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Facts & Figures: Construction in Nigeria – Key Trends and Opportunities to 2022 (GlobalData)

In real terms, the Nigerian construction industry recovered in 2017, after registering a gloomy performance in 2016 due to the economic recession. Weak construction activity in 2016 came primarily on the back of high inflation, rising unemployment, currency devaluation, high interest rates, low oil prices and reduced oil production, which forced the economy into recession; this reduced the pace of public and private sector investment in construction projects.


The industry, however, gained pace in 2017, supported by government efforts to accelerate the pace of economic growth through increased investment in infrastructure projects. Overall, the industry posted positive growth during the review period (2013–2017), registering a compound annual growth rate (CAGR) of 2.88% in real terms.


Over the forecast period (2018–2022), the government’s efforts to enhance transport and residential infrastructure will support the growth of the industry. The government’s aim to increase energy production capacity will support investments in energy infrastructure projects. The industry’s output value in real terms is expected to record a CAGR of 5.45% over the forecast period.


The overall expansion in the industry will be driven by the Economic Recovery and Growth Plan (ERGP) 2017–2020, under which the government aims to achieve sustained and inclusive economic growth. In line with its economic recovery plans, the government announced budget spending of NGN8.6 trillion (US$26.3 billion) for 2018 – 15.8% higher than the 2017 budget. Accordingly, the government allocated NGN2.4 trillion (US$7.4 billion) to capital expenditure, an increase of 28.2% compared to the 2017 budget.



Points of Note

  1. GlobalData expects the infrastructure construction market to retain its leading position over the forecast period, with 29.9% of the industry’s total value in 2022. In order to develop the country’s rail infrastructure, an agreement was signed in June 2016 between the government of Nigeria and China Civil Engineering Construction Company (CCECC) to construct a new coastal railway line, connecting Lagos in the south-west and Calabar in the south-east of the country. The total investment in the project is anticipated to be NGN3.6 trillion (US$11.1 billion), and is scheduled for completion in 2019.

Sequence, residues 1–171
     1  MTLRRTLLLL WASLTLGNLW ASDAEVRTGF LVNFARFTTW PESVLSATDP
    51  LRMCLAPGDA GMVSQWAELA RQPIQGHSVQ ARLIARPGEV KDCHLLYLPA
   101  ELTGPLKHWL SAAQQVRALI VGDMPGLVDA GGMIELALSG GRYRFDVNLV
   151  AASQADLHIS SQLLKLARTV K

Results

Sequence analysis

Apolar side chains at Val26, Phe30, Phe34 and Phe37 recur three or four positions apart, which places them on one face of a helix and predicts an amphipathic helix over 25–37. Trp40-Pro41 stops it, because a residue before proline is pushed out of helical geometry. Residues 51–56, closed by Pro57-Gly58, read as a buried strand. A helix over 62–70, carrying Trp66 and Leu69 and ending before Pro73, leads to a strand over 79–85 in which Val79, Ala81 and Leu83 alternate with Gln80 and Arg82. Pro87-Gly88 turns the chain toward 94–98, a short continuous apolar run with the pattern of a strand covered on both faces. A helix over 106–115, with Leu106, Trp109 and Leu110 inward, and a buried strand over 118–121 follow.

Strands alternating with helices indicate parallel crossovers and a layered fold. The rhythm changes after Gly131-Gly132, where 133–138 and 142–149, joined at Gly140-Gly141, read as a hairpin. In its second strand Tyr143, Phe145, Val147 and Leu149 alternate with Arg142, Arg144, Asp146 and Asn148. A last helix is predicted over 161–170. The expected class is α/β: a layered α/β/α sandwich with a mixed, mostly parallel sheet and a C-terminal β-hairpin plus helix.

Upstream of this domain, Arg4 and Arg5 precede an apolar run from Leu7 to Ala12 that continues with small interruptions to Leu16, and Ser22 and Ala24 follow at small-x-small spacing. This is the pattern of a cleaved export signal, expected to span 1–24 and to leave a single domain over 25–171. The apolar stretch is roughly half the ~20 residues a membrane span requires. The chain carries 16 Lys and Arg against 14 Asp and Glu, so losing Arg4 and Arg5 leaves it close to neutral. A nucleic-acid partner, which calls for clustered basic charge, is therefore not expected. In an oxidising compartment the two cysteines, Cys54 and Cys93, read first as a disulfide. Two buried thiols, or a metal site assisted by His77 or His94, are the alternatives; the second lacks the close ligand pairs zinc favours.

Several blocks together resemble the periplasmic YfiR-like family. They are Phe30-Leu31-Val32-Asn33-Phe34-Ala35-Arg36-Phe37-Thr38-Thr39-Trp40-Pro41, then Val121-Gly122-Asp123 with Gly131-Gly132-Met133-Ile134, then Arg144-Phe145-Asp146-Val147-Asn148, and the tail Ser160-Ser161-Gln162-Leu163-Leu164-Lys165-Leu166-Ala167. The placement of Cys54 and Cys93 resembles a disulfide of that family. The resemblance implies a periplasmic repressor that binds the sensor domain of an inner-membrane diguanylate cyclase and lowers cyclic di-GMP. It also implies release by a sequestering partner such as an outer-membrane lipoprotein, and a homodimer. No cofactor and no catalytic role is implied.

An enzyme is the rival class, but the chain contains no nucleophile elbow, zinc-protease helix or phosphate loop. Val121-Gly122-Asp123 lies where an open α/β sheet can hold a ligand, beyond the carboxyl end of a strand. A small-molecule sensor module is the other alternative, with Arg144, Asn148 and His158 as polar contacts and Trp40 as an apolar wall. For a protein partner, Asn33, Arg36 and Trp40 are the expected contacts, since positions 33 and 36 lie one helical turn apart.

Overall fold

2. In April 2017, the government launched the ERGP 2017–2020 in order to support economic activity, create employment opportunities and engender economic diversification. According to the government, the total funding of NGN130.8 trillion (U$400.0 billion) is required to develop the country’s overall infrastructure by 2020 under the ERGP. Accordingly, the government plans to borrow NGN9.8 trillion (US$30.0 billion) between 2017 and 2020 to develop infrastructure projects in the country.

  3. GlobalData expects the energy and utilities construction market output to record a forecast-period CAGR of 18.88% in nominal terms. Under the National Renewable Energy Action Plan (NREAP), the government aims to generate 30% of the country’s total electricity consumption through renewable sources by 2030. As part of the country’s vision to develop renewable energy, the government awarded a contract to a consortium of Chinese state-owned construction companies in 2017 to construct the country’s largest hydroelectric power plant in the state of Taraba. The total investment for the 3,050MW hydroelectric power project is estimated at NGN1.9 trillion (US$5.8 billion) and is scheduled to be completed by 2023.

  4. GlobalData expects the residential construction market output to record a forecast-period CAGR of 10.82% in nominal terms. The government is focusing on developing affordable housing projects in order to address the country’s chronic housing shortage. Under the Family Homes Fund, the government plans to construct 2.0 million social housing units by 2020 through public-private partnerships (PPPs).

  5. The total construction project pipeline in Nigeria, as tracked by the Construction Intelligence Center (CIC), including all mega projects with a value above US$25 million, stands at NGN167.4 trillion (US$511.7 billion). The pipeline, which includes all projects from pre-planning to execution, is relatively well balanced, with projects in the early-stage accounting for 48.9% of the pipeline by value as of April 2018.


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